Advanced Life Science, Animals, is a standards-based, interdisciplinary science course that integrates biology, chemistry, and microbiology in an agricultural context. Students enrolled in this course formulate, design, and carry out animal-based laboratory and field investigations as an essential course component. Students investigate key concepts that enable them to understand animal growth, development and physiology as it pertains to agricultural science. This course stresses the unifying themes of both biology and chemistry as students work with concepts associated with animal taxonomy, life at the cellular level, organ systems, genetics, evolution, ecology, and historical and current issues in animal agriculture. Students completing this course will be able to apply the principles of scientific inquiry to solve problems related to biology and chemistry in highly advanced agricultural applications of animal development.

·         This course fulfills two Core 40 science credits for graduation & counts towards an for Academic Honors Diploma

·         Counts as Dual Credit through Purdue University.

Attachments
Advanced Life Science: Plant & Soil (Dual Credit)

Length:  1 year

Grade: 11, 12

Semester Credit: 1

Prerequisite:  Biology & Chemistry (C or better grade)

 

Advanced Life Science, Plant and Soil, is a standards-based, interdisciplinary science course that integrates the study of advanced biology, chemistry, and earth science in an agricultural context. Students enrolled in this course formulate, design, and implement agriculturally-based laboratory and field investigations as an essential course component. These extended laboratory and literature investigations focus on the chemical reactions of matter in living and nonliving materials while stressing the unifying themes of chemistry and the development of physical and mathematical models of matter and its interactions. Using the principles of scientific inquiry, students examine the internal structures, functions, genetics and processes of living plant organisms and their interaction with the environmental. Students completing this course will be able to apply the principles of scientific inquiry to solve problems related to both biology and chemistry in the context of highly advanced agricultural applications of plants and soils.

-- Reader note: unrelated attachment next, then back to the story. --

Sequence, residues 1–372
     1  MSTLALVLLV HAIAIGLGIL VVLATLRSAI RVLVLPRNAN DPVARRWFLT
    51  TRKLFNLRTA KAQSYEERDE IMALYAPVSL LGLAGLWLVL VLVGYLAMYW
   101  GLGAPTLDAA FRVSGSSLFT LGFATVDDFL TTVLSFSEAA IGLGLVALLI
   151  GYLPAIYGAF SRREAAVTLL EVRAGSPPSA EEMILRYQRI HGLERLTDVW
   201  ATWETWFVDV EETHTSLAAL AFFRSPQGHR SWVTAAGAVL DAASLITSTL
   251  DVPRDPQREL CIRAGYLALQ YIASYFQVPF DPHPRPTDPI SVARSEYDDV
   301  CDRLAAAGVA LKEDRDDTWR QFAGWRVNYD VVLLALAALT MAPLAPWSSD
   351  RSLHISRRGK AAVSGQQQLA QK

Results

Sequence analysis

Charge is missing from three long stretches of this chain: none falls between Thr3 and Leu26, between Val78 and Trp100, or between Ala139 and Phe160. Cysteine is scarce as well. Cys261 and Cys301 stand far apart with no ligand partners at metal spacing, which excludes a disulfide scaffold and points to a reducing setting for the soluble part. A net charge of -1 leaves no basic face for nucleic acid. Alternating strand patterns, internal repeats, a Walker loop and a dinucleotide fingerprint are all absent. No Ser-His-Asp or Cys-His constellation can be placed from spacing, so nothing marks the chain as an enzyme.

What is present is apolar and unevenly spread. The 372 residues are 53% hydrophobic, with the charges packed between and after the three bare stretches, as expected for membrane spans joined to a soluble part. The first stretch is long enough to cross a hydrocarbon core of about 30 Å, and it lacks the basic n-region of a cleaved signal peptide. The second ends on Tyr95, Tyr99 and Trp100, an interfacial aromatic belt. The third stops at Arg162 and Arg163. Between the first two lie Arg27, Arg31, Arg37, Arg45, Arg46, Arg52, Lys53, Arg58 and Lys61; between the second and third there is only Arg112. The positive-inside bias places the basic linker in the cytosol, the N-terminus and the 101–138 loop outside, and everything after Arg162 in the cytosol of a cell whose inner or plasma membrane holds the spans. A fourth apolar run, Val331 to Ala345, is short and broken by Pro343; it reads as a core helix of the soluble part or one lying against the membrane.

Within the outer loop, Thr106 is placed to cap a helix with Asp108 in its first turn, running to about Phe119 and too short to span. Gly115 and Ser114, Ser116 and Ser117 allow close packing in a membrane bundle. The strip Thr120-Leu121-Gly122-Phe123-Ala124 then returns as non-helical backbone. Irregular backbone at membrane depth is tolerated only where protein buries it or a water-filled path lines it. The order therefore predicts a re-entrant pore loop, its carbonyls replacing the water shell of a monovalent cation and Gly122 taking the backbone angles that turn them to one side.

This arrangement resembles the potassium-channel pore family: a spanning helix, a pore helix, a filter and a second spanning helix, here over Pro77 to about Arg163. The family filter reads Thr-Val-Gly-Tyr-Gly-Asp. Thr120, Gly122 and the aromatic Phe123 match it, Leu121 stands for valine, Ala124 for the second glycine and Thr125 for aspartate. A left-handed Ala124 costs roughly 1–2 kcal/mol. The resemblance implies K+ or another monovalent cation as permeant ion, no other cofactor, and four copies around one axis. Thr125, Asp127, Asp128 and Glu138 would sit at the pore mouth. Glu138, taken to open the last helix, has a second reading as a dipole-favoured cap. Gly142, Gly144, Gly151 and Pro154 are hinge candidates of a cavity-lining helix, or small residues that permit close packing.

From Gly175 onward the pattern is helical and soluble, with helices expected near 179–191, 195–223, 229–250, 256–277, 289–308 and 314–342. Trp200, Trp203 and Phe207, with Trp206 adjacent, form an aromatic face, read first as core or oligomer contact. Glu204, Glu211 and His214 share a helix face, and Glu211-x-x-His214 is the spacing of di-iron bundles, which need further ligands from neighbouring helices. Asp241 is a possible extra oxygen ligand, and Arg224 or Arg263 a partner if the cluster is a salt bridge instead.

·         This course fulfills two Core 40 science credits for graduation & counts towards an for Academic Honors Diploma

·         Counts as Dual Credit through Purdue University.

Attachments
Animal Science

Length:  1 year

Grade: 9, 10, 11, 12

Semester Credit: 1

Prerequisite: Fundamentals of Agriculture (preferred)

 

This course is a yearlong program that provides students with an overview of the field of animal science. Students participate in a large variety of activities and laboratory work including real and simulated animal science experiences and projects. Areas that the students study may be applied to both large and small animals. Topics to be addressed include: anatomy and physiology, genetics, reproduction and biotechnology, nutrition, aquaculture, careers in animal science, animal health, meeting environmental requirements of animals, and management practices for the care and maintenance of animals.


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Contact Me!
Jason Roll
221
765-847-2591 ext 221


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Created: Jan 6, 2010
Updated: Aug 27, 2014
Viewed 2311 times